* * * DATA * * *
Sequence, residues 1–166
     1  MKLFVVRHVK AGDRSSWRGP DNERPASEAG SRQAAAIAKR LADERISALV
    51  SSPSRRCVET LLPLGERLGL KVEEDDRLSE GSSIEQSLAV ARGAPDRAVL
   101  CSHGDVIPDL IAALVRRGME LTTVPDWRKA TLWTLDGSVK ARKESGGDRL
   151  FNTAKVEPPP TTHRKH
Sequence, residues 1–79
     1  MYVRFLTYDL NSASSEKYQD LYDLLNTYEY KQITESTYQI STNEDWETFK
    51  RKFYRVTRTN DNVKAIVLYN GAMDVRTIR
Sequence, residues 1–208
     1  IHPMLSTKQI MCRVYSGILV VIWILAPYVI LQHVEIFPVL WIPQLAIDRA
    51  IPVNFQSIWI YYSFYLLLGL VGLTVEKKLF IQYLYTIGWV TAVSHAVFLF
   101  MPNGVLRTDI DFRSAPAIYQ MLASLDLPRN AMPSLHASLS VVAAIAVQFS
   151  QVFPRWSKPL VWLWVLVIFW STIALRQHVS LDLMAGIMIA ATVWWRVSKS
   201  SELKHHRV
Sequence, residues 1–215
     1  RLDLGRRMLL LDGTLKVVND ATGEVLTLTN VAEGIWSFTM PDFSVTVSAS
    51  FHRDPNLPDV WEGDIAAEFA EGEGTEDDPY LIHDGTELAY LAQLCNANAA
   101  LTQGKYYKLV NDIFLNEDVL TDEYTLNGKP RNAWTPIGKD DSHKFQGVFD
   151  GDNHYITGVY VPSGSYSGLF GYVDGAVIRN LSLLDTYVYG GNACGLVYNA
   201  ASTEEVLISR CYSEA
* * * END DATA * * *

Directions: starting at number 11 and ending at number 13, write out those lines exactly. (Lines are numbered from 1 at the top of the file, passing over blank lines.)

    51  IPVNFQSIWI YYSFYLLLGL VGLTVEKKLF IQYLYTIGWV TAVSHAVFLF
   101  MPNGVLRTDI DFRSAPAIYQ MLASLDLPRN AMPSLHASLS VVAAIAVQFS
   151  QVFPRWSKPL VWLWVLVIFW STIALRQHVS LDLMAGIMIA ATVWWRVSKS